Wednesday, April 29, 2009

Never worry... even when you should...

I am quite happy today, despite everything, because I am listening to the Vaselines.

I first heard the Vaselines on a cassette tape I got back in high school. I was immediately fixated on this band, a duo from Glasgow that played silly, sweet-sounding songs that were actually all about sex, but Frances McKee’s coy voice was like a blushing child-bride and the songs took on an air of innocence. Their album was perfection.

Odds are, you’ve heard Vaselines tunes and didn’t know it. Nirvana has covered a few Vaselines songs - “Molly's Lips,” “Son of a Gun” and “Jesus Wants Me For a Sunbeam.” When I first found Nirvana’s Tribute to the Vaselines in the bins at a record store in college, I felt vindicated in my love for both bands.

In college, I played that Vaselines tape to death, and was sad. A few years later, I found the CD in New York and was happy again. Now, they have re-released the album, with bonus stuff. This also makes me to be happy. I posted a review of it here.

Now, all of the things I could be sad about, were it not for the Vaselines…

Bye-bye Pontiac - It seems GM is getting rid of Pontiac, as part of their bid for survival. I drive a Pontiac. It’s the one that everyone makes fun of, but it’s the comfortable functional car I’ve ever been in. I will drive it forever, because I don’t know of anything that will match it’s versatility or comfort, even if it’s ugly.

It’s my second Pontiac. The first was was 1980 Bonneville. Bonnie was a couch on wheels. She may have been a gas hog, but she was a comfortable car, and HUGE! I moved in that car several times.

Of course, along with the demise of Pontiac goes the demise of another crapload of jobs (crapload is an industry term). I don’t get it. All of the jobs are going away, but nothing is taking their place. What are people going to do? How many people will lose their homes before the government figures out things are that hosed that something REALLY drastic needs to occur?

Then again, if all of those unemployed people were to just not be here, like if the population were drastically reduced by a pandemic of some sort….

Whoah! Let’s back up, because I’m not suggesting that’s a planned thing. In fact, I really don’t think the pig flu is that big of a deal. It’s serious, yes, but it’s not going to destroy life as we know it (Even though life as we know is getting a bit dreary right now).

I found this article that really breaks down the seriousness of the issue.

This snippet really puts it into perspective:

Yet consider the much-cited Spanish influenza pandemic of 1918. It's common for commentary to cite infection rates and total associated fatalities.

It's estimated that about 28 per cent of Canadians and Americans contracted the Spanish flu. Worldwide, an estimated 2.5 per cent of the sick died of complications, which made the pandemic one of the most lethal flu outbreaks in recorded history. Certainly it was one that imprinted itself upon human consciousness for several generations.

But there's another way to look at those statistics. You might observe, for example, that they mean that even during the worst ravages of the 1918 flu, 97.5 per cent of those infected survived and recovered. Or that 72 per cent of the population -- even in the absence of the sophisticated public health planning and infrastructure that Canada and the U.S. have since built -- was not infected during the pandemic.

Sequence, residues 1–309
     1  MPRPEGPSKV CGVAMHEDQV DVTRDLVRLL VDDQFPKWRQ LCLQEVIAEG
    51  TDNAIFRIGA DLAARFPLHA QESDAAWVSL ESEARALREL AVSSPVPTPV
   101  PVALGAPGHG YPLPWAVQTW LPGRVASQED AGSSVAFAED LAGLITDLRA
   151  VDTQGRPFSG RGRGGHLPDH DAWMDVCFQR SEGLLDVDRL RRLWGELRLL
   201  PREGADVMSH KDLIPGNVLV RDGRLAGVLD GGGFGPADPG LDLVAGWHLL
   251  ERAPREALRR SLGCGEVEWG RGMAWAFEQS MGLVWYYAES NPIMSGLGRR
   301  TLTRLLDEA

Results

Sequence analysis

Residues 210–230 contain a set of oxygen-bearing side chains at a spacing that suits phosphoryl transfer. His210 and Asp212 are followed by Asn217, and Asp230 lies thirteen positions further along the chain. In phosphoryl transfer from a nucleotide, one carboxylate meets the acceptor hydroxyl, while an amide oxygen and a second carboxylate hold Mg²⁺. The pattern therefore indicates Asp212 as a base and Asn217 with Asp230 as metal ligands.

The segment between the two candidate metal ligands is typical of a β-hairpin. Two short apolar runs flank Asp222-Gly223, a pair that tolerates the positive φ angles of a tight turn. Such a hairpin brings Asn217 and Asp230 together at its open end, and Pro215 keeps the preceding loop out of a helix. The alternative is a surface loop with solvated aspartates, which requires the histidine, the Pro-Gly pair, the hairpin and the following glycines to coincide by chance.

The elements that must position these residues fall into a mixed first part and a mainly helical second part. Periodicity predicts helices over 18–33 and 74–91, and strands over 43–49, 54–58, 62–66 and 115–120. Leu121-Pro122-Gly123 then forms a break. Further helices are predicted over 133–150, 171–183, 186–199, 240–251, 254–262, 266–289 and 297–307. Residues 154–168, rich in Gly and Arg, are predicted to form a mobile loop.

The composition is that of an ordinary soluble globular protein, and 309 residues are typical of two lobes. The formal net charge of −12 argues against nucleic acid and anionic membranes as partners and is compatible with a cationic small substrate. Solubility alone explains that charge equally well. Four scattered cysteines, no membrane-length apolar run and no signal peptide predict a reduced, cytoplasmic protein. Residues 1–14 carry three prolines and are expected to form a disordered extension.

So, even if we had a repeat of the 1918 flu, the chances were seven out of 10 that you wouldn't catch it and if you did, the odds were better than nine out of 10 that you'd survive.

This is from an era when we didn’t have the medical technology or fast communications we have now. It sucks that people will die from this, and we’ll all do well to wash our hands, etc., but for the most part, panicking is really unnecessary. Call me when it’s an Ebola pandemic.

Even so, if the infection rates do increase, you all will be invited to our plague party, so get your nice clothes ready.

There are other things actually worth worrying about around here. Chrysler is less than 48 hours from learning its fate, and if the worst happens, that’s another crapload of jobs.

If Detroit really falls, and falls hard, it won’t recover, and people will flee even faster. What’s that mean? It means we’ll flee to find new work, which will mean a foreclosure on our house, which is essentially worthless right now. My neighborhood, which is a nice little bungalow neighborhood, has nice houses on the market for $30k right now – and they’re not selling. It’s the perfect time to buy, assuming that, you know, you’re not already saddled with a house that you paid ten times that for, which is now worthless.

The house directly behind me is for sale though, so if you want to buy it, and you’re awesome, we should knock out the back fences and make one big yard of awesomeness.

Getting on to happier things...

TFN and I have settled into a bizarre routine. We have a big book of diseases – the big ones throughout history, like the plague, malaria Typhoid (which is different from Typhus, I have learned) and yes, the Spanish flu. We read aloud about diseases right now. It’s fun, if a little bizarre.

We planted 75 heirloom tomato plants by seed, to offset one of our more expensive vices. They were doing quite well, until the cat ate over half of them. We were fortunately able to go out and replace them with some actual plants, which are now sitting in an even more cat-proof spot, waiting to move outdoors.

We also planted two big beds of flowers, adding curb appeal to our house, which in this economy adds about $6 to its value.

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